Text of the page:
Full twist or 3/4 Twist punch.

The 3/4 punch rotates only 3/4th’s of a turn, to increase the transfer of energy into the target.

The 3/4  punch is skeletally stronger.

The full twist punch rotates the two bones of the forearm, the ulna and the radius, criss-cross each other witch weakens the punch.

The 3/4  punch, the bones aligned straight above each other.

In the full twist punch, the muscles of the forearm (the extensor carpi radialis longus and the branchioradialis) are stretched passed the point of maximum efficiency therefore weakens the punch, and the fist is more likely to buckle.

In the 3/4  punch, the muscles are at the point of maximum efficiency, and more capable of transferring energy into the target.  



Street fights usually starts where (young) people get together and follow a set pattern.

Understanding this pattern can be useful for spotting trouble before it starts. Street fights do not just happen, they occur, because someone is looking for a fight. That person looks for somebody he thinks he can intimidate and defeat.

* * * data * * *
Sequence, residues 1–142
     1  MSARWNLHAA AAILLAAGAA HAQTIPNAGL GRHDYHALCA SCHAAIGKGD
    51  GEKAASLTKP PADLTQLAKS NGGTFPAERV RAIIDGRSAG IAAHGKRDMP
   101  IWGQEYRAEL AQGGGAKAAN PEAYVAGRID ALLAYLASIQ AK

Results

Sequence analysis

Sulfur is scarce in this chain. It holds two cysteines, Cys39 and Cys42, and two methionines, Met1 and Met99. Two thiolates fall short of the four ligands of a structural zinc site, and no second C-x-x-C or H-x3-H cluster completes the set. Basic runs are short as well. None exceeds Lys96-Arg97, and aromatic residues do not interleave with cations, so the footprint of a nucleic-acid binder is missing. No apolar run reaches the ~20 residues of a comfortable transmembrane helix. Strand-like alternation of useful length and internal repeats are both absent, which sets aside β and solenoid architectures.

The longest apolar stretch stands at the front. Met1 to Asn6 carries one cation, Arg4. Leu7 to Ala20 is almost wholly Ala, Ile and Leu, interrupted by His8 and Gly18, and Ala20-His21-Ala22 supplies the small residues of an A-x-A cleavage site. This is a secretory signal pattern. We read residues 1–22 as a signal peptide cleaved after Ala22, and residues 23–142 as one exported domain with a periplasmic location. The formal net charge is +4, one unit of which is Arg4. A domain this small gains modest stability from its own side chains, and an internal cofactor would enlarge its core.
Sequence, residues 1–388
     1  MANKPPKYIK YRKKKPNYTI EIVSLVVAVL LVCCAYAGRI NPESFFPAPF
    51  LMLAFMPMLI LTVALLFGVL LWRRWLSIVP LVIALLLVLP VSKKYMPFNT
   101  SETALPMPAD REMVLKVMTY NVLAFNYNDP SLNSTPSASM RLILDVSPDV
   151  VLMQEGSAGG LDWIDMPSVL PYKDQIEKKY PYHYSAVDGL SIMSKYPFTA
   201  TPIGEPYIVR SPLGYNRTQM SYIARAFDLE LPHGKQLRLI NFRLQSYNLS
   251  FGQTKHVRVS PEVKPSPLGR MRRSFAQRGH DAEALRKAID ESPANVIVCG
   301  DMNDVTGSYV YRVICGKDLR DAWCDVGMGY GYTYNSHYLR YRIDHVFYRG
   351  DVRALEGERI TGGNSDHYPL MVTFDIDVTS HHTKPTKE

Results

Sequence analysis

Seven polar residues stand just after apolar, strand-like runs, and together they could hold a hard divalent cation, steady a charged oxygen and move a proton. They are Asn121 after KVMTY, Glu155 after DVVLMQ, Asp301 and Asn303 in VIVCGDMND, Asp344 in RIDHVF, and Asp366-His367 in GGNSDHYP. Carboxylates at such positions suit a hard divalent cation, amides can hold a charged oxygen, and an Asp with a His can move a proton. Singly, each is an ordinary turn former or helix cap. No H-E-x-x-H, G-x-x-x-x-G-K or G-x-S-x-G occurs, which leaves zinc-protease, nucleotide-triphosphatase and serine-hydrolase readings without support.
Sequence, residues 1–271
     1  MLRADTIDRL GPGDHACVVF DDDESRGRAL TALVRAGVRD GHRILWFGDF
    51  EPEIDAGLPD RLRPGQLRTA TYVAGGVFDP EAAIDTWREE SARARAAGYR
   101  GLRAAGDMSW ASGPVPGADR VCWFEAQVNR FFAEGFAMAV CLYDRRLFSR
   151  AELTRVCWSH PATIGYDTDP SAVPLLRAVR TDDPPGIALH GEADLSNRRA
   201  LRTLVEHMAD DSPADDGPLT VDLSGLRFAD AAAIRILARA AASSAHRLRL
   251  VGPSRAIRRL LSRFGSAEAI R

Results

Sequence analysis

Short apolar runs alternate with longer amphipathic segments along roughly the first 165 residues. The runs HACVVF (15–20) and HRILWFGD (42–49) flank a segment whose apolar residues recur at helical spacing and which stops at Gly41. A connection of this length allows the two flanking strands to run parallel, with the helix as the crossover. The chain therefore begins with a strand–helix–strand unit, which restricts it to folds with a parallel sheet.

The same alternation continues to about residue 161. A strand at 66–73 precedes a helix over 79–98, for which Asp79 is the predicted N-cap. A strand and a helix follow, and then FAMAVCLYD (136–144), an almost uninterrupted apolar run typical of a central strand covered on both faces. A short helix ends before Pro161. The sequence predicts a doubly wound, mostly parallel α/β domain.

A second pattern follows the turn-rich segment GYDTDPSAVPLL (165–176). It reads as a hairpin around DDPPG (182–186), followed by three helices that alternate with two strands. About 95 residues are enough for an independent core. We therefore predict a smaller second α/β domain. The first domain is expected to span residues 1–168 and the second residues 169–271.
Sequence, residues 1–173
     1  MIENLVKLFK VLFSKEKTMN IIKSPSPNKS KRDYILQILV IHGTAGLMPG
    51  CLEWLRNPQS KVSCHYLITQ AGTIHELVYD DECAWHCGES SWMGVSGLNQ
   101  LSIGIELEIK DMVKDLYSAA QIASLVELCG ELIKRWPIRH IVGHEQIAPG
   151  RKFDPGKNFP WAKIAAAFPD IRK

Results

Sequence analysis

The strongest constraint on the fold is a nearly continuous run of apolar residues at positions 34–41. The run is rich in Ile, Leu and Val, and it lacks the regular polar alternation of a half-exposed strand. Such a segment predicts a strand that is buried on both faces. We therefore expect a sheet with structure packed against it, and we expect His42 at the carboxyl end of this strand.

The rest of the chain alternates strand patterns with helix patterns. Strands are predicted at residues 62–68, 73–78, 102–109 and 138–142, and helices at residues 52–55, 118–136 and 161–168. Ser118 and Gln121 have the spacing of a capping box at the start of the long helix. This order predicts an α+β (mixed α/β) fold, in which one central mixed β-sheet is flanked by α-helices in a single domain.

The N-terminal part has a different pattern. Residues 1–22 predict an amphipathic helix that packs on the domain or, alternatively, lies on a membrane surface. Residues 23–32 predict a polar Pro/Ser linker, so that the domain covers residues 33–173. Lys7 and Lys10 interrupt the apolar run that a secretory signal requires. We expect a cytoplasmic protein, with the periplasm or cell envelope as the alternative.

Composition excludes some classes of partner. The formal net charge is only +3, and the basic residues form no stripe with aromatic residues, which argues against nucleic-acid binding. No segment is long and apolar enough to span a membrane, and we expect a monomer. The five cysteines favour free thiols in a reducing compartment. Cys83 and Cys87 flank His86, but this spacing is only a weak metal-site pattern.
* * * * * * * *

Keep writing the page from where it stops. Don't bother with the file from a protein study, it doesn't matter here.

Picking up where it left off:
Since the goal is to beat you up, he might bump into you saying “Hey watch out”, or if you are looking at him he might say “What are you looking at”. At this time he checks you out to see if you could become a victim and tries to intimidate you with a loud and aggressive speech.

He tries to frighten you, which makes him feel stronger before he commits himself to a fight.

At this point; be calm and control your breathing, make your breathing constant and be ready to fight. Do not show this to him as he might takes this as a challenge. Talk to him, and try to calm him down to undermine his ability, robbing him of the “right” to act violently.